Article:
Here’s another title search from a project up by The Gore Road in Brampton. Gore Road Search It is currently zoned agricultural, however, there is a change to the Brampton City Plan that will allow this land to be rezoned in the near future. I can’t say how much the land is worth exactly, however, I would not want to be an investor in this project at 8%. It all depends how much the land would be worth on the open market as it currently is, in it’s current state of development. Currently the project is in the process of being subdivided into lots and there is a chance the project will be ok. The  price appreciation hides a lot of errors and has prevented a lot of lost investments.  The property’s current status is still a farmer’s field. The idea of risk is that at least some of these projects will fail. The idea of being a secured mortgage holder is that when the property is sold, the investor will get their money back. Unfortunately as illustrated by the examples above, some of these mortgages are not secured against property. This is the opposite of what the investor is told.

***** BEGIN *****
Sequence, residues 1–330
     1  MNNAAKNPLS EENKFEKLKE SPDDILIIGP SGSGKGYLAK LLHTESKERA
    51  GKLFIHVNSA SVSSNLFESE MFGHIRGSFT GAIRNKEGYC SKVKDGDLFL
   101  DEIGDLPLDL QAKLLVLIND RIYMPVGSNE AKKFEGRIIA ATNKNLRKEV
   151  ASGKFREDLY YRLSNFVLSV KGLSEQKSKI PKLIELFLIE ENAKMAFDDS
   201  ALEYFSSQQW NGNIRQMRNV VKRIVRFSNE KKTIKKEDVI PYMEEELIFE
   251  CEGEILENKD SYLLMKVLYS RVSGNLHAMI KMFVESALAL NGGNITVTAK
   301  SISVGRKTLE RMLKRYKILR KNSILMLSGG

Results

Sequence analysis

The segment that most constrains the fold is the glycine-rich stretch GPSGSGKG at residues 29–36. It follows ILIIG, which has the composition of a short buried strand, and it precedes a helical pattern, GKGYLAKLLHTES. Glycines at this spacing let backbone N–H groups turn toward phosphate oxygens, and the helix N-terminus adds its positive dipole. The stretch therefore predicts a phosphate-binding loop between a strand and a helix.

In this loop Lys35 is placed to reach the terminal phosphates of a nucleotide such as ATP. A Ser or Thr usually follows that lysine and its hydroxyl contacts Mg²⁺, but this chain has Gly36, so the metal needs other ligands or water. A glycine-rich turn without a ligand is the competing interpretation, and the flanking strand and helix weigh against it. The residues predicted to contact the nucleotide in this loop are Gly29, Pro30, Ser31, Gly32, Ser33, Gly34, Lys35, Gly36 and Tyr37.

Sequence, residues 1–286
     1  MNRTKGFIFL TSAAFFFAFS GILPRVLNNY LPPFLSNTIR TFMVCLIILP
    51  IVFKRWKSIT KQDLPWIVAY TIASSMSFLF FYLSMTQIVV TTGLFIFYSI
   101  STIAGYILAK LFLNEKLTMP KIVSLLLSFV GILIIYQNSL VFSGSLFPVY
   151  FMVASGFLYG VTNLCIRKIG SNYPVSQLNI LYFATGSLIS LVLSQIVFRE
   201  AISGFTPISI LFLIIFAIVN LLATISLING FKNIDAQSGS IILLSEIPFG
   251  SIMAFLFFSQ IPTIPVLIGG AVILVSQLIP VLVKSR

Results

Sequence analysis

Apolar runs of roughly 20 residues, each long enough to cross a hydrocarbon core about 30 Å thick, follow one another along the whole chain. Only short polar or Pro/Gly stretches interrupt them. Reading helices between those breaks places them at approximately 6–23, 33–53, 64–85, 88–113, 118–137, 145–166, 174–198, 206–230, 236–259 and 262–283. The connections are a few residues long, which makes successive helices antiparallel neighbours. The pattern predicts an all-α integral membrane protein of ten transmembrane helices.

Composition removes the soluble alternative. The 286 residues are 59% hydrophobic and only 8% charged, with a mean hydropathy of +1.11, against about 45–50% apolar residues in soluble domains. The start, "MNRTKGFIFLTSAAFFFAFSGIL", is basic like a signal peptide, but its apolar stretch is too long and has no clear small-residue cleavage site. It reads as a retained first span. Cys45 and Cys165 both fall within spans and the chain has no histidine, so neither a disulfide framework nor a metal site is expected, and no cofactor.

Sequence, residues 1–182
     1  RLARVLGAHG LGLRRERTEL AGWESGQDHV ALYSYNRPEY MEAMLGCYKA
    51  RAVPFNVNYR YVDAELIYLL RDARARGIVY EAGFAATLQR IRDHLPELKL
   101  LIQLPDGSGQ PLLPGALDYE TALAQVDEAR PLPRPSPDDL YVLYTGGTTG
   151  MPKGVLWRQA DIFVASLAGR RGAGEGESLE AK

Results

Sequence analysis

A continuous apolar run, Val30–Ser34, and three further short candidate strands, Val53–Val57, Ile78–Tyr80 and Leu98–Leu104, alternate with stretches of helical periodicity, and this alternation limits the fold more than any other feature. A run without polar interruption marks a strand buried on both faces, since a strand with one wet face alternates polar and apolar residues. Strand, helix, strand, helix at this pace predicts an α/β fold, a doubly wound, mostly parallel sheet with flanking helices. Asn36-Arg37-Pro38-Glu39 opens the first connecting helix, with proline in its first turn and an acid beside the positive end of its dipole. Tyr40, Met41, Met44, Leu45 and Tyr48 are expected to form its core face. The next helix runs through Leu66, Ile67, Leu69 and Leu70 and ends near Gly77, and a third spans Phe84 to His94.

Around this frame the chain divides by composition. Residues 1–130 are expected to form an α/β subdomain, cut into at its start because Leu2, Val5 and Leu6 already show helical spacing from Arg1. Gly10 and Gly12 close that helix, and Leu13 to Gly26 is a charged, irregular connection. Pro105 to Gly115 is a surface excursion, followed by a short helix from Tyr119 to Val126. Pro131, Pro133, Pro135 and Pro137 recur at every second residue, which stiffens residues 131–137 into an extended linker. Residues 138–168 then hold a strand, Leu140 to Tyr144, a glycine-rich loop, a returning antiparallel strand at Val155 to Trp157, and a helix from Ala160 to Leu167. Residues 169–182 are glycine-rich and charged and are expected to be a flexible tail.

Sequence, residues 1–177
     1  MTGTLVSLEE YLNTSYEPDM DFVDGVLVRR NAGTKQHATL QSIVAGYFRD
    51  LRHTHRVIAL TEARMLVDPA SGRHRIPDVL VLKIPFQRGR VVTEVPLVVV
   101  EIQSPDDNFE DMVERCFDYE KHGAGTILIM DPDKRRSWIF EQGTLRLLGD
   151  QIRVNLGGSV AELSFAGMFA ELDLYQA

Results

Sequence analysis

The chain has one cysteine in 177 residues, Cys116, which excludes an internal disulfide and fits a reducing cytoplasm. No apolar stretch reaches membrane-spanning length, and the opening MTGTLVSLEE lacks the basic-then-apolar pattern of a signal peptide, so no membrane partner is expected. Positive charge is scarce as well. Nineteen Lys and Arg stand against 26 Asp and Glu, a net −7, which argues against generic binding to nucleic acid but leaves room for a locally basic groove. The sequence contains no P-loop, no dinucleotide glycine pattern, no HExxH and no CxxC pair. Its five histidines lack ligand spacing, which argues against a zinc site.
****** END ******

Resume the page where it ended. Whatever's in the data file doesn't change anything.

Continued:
In most traditional projects these development costs would be borne by the developer/owner of the property. In some of these examples the owners of the project literally have no skin in the game. Some people think that’s a wise and smart way to conduct business. I think that I prefer when the investor and owner/developer interests align, and both parties lose when there is losses and both parties win when there is profits.

Mortgage Syndication Fees / Charges / Interest Hold Backs

Another fact that is not usually disclosed is the mortgage syndicator’s compensation structure, which is very lucrative for the syndicator and ends up leaving just a percentage of the amount invested to invest in advancing the project. The investor will not be made aware that 30% to 50% of their money just went to the syndicator as fees. The developer doesn’t pay the interest on the money either, it’s actually held back by the mortgage syndicator. Honestly, you’d get a lot more of these projects failing a lot faster if the syndicators didn’t do that, because land doesn’t produce income, so how are you going to pay a mortgage? Then at the end of the term, the capital needs to be returned to the investor.

Syndicated Mortgage Terms